Sky ads banned by ASA for misleading customers

12 August 2020   By Dr Lucy Brown, Editor

Adverts appearing on Sky's own website and on TV didn't make it clear existing customers would have to pay more for set-up.

While the ad said customers would pay £20 for set-up, the fee for existing customers was up to £219.

Sky argued this was made clear in the text supporting the advert but the Advertising Standards Authority (ASA) rejected this claim.

They warned Sky not to repeat the ads in their current form, although this was already unlikely as they appeared in October and November 2019.

sky q

Misleading ads

ASA's ruling related to two ads, one seen on TV in October 2019 and the second on Sky's own website in November 2019.

Both were advertising Sky TV and Netflix together on Sky Q, highlighting the upfront set-up costs as £20.

This was true for new customers but not existing ones, and Sky used smaller text on the TV ad and were more than a click away in the terms and conditions in the ad on Sky's website.

ASA judged customers would reasonably expect the upfront costs to be paid by existing customers to be the same as those paid by new customers, even though Sky argued the information was clearly signposted.

As set-up fees are considered material information by ASA, they stated they should've been in the main text of the ad and consequently banned both adverts.

Upfront costs

ASA's ruling is interesting because, although the ads under discussion were seen on TV and on Sky's website last year, they still routinely offer this type of deal where upfront costs are more for existing customers than new ones.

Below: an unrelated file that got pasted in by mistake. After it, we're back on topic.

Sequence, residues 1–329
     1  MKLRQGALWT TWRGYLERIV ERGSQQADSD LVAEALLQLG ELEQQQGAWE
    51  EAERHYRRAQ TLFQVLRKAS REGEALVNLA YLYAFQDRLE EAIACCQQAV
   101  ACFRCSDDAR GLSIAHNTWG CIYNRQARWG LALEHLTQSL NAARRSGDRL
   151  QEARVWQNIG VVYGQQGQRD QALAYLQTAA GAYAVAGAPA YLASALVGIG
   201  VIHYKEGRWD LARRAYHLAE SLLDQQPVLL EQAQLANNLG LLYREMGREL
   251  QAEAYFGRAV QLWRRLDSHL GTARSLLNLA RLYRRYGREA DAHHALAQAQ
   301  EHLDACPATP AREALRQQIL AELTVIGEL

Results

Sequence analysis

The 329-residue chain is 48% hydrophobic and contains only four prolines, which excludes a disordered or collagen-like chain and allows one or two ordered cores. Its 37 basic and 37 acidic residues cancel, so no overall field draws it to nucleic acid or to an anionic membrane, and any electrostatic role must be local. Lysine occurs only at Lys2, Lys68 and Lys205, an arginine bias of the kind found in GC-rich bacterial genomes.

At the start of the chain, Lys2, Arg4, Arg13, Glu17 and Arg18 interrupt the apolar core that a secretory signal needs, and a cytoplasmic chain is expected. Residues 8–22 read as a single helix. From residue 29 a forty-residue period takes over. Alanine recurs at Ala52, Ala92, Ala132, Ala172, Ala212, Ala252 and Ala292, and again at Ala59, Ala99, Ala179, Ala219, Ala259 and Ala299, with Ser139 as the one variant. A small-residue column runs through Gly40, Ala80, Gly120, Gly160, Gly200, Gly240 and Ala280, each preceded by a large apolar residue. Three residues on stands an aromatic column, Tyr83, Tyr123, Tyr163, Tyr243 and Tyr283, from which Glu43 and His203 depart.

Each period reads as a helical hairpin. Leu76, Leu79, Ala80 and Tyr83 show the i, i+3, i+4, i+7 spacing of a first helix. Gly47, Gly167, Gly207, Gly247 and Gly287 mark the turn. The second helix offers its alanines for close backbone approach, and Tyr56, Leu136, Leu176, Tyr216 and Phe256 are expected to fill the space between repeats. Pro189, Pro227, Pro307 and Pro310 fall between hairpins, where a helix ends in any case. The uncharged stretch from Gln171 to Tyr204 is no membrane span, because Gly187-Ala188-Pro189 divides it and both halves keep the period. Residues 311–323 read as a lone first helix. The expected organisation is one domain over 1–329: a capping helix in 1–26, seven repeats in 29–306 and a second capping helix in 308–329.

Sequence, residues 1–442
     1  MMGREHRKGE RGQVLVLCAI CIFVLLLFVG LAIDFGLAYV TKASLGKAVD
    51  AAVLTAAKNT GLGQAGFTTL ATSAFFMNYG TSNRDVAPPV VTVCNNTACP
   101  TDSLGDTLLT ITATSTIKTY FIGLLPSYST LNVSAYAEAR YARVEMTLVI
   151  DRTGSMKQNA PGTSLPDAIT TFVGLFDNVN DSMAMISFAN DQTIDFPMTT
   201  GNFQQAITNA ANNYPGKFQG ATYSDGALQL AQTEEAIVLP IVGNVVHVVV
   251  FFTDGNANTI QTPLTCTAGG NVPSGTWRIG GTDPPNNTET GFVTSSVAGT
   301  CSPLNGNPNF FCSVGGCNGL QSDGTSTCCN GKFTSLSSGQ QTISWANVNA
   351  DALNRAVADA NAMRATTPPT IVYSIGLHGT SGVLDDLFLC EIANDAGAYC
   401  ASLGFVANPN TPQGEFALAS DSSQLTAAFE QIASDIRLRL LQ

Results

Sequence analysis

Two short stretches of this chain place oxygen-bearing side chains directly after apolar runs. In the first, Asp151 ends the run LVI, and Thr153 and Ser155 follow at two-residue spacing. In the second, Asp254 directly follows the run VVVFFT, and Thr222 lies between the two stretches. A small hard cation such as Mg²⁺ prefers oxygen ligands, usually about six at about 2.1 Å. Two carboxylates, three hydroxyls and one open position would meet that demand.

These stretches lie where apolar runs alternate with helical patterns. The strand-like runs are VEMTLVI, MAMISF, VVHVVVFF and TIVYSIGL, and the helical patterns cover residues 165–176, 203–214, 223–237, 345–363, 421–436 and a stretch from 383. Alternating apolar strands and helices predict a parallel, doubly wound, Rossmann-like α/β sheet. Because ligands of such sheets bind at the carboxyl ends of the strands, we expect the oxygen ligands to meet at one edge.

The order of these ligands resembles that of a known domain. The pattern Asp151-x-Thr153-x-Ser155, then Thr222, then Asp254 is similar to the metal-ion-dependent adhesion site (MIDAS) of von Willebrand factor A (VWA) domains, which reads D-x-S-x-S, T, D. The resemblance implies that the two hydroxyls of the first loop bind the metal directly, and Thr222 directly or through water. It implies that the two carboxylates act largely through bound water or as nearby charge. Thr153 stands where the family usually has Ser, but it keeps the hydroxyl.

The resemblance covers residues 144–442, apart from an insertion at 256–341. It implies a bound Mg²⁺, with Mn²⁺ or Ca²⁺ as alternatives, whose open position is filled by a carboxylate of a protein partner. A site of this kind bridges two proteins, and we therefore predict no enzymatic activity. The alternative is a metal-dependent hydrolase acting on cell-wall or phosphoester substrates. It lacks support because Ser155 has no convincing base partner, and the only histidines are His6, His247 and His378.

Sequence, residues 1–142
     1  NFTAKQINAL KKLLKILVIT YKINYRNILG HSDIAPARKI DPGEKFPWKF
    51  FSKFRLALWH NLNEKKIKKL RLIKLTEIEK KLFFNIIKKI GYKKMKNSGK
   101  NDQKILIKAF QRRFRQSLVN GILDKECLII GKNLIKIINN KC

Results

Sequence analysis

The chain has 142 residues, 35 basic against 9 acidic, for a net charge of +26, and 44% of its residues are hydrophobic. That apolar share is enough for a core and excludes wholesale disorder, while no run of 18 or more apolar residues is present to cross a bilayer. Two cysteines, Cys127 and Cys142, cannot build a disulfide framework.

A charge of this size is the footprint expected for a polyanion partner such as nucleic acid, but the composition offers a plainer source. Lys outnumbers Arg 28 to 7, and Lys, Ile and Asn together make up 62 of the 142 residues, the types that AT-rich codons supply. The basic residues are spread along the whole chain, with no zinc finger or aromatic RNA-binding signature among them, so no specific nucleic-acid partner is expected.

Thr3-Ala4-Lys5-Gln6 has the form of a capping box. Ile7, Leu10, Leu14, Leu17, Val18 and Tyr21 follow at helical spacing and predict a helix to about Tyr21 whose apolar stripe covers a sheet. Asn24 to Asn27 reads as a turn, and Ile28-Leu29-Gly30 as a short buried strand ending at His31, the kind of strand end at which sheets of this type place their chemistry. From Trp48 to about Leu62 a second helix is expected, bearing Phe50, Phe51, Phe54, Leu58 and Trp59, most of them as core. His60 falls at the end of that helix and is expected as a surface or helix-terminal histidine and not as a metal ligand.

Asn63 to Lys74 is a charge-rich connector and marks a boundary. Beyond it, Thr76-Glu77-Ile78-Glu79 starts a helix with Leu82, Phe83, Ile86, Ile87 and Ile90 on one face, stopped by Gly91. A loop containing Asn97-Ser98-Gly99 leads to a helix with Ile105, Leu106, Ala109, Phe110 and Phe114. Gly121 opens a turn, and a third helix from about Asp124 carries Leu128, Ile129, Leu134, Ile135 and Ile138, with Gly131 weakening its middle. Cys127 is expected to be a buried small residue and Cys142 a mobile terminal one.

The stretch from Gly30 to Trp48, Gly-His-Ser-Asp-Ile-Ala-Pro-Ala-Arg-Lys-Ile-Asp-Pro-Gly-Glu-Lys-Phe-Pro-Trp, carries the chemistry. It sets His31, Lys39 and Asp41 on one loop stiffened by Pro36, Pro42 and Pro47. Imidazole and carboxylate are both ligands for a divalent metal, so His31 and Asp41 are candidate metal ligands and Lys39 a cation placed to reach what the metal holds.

A glance at Sky's website shows they're promoting the same package (Sky TV & Netflix) again in their banner at the top of the webpage.

This time, though, the small text below the purchase button at least says costs may be up to £219 for existing customers. This is more prominent than it was in the previous incarnation of the ad.

Yet it highlights one of the discrepancies existing Sky customers face when looking to upgrade their package.

Some existing customers may reasonably feel frustrated that Sky is chasing new customers ahead of honouring their commitment to current ones.

Find out more about Sky's TV deals in this review and find out whether they're worth the money.

ASA rulings

This isn't the first time Sky have been rapped by ASA for a television ad and warned not to use it again.

In 2017, they were rebuked for presenting terms and conditions text onscreen against a light background, making it difficult for viewers to read.

It was judged by ASA to be misleading, but the limitations of ASA's remit means that they can only retrospectively ban ads - and they don't have the power to fine companies either.

So, more recent cases of Vodafone advertising 'gigafast' broadband and TalkTalk claiming their wi-fi hub provided a better signal than competitors' were banned but no penalty could be levied to stop the providers doing it again.

This means an ASA ad ban has limited effect and certainly doesn't dissuade companies from pushing their luck and putting out ads that might not meet the right standards.

For instance, the publicity Hyperoptic received back in 2017 for advertising a mocked-up BT contract was probably more beneficial to their company brand than the ticking off they received from ASA about it.

Which broadband & TV deals are available in your area?

independent comparison

We are independent of all of the products and services we compare.

fair comparison

We order our comparison tables by price or feature and never by referral revenue.

charity donations and climate positive

We donate at least 5% of our profits to charity, and we have a climate positive workforce.

Get insider tips and the latest offers in our newsletter